The Egyptian temporary government, the Armed Forces Supreme Council, took action that was certain to impress the opposition, announcing the dismantlement of the security police that had been the target of nearly as much outrage as President Hosni Mubarak himself.
The secret security arm of the government was, many Egyptians allege, responsible for a vast number of cases of rough interrogations, brutality, and actions to prevent political opposition. The former head of the service is under arrest, and two former security policemen are on trial in the death of an online activist. Protesters reported finding evidence of torture in the piles of shredded files on the floor of the security agency's main headquarters.
In place of this secret group will be the National Security Force, which the government has pledge will maintain order without depriving the citizens of their constitutional rights.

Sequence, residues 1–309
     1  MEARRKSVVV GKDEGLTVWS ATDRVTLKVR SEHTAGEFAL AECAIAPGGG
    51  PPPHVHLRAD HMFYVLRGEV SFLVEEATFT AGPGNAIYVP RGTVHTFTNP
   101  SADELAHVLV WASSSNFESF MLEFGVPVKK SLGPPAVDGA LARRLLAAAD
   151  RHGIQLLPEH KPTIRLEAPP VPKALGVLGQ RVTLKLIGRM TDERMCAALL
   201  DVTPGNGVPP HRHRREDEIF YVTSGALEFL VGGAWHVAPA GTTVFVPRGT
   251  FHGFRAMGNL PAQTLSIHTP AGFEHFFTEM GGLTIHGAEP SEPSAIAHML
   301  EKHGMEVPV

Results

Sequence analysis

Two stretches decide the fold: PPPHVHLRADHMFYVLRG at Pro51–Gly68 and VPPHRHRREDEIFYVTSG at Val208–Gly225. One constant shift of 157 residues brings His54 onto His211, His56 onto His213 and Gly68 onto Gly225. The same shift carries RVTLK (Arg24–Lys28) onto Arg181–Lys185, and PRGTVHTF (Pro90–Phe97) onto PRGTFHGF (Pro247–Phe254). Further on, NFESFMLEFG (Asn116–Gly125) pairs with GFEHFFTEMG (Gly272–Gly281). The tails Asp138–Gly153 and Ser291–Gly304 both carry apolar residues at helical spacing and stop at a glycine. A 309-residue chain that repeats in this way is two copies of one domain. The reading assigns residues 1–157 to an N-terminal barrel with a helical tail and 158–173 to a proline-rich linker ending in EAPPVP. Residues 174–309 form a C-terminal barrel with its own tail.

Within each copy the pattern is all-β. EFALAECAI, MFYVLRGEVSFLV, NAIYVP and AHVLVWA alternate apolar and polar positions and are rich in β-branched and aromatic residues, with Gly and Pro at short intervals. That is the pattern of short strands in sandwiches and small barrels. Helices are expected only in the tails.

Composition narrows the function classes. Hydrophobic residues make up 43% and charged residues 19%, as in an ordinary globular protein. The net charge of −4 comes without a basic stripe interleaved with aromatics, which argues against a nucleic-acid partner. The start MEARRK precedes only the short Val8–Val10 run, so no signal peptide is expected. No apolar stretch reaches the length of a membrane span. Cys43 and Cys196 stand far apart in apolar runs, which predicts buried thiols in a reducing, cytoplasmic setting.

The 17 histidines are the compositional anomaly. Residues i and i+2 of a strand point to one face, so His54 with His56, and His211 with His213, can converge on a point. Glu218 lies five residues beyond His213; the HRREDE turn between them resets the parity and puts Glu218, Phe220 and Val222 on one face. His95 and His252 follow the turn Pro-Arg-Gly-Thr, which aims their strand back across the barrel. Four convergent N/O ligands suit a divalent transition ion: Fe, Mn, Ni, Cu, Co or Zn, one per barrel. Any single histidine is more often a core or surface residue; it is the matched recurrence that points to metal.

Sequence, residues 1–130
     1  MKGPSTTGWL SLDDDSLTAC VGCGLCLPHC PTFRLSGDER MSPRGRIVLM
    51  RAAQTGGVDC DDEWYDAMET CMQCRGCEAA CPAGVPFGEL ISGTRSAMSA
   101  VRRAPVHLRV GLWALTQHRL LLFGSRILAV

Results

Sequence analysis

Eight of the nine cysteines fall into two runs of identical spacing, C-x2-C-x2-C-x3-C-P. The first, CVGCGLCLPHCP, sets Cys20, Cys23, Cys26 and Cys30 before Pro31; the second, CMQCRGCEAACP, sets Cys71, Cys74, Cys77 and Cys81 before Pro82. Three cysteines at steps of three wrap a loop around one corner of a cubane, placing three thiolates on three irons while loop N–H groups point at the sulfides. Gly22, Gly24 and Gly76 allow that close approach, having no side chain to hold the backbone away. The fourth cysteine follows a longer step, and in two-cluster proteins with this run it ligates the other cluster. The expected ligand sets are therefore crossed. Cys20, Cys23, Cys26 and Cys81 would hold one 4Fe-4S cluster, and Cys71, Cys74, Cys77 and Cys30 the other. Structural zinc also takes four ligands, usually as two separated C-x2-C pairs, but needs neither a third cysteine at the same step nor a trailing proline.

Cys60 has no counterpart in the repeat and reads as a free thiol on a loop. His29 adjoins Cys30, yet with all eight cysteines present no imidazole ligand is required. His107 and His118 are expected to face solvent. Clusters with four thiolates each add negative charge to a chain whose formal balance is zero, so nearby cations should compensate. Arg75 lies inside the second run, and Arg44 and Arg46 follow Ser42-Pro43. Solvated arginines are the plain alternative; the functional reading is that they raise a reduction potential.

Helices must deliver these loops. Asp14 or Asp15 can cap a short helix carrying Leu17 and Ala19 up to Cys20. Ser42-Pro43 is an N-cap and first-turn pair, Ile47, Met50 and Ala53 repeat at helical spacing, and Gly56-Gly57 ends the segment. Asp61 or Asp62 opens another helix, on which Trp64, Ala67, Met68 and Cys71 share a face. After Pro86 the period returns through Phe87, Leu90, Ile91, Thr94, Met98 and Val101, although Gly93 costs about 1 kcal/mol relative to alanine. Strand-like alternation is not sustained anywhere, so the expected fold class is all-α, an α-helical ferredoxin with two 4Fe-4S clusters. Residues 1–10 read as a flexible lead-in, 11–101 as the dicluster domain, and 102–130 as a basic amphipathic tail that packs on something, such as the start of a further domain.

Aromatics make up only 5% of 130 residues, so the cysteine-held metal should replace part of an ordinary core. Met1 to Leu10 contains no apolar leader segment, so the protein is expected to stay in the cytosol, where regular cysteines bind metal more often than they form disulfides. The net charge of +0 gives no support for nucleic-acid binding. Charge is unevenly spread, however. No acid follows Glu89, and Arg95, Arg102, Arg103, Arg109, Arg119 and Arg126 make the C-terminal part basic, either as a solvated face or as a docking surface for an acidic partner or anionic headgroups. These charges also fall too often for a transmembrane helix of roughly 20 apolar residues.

Hillary Clinton, the U.S. Secretary of State, was in Cairo for talks with the country's new foreign minister, Nabil al-Araby. One result of that meeting was the announcement of a billion-dollar financial deal aimed at restoring the luster of confidence of Egypt's now-depressed economy. During the momentous protests that resulted in the removal of Mubarak, much of the country shut down and vast sums of tourist income was lost.
Clinton, who was to meet later with Prime Minister Essam Sharaf and Field Marshal Hussein Tantawi, reiterated her country's support for free and fair elections, which are scheduled in a few months.
The new security agency will be tasked with guarding internal security and fighting terrorism in line with the constitution and the principles of human rights, the state news agency reported.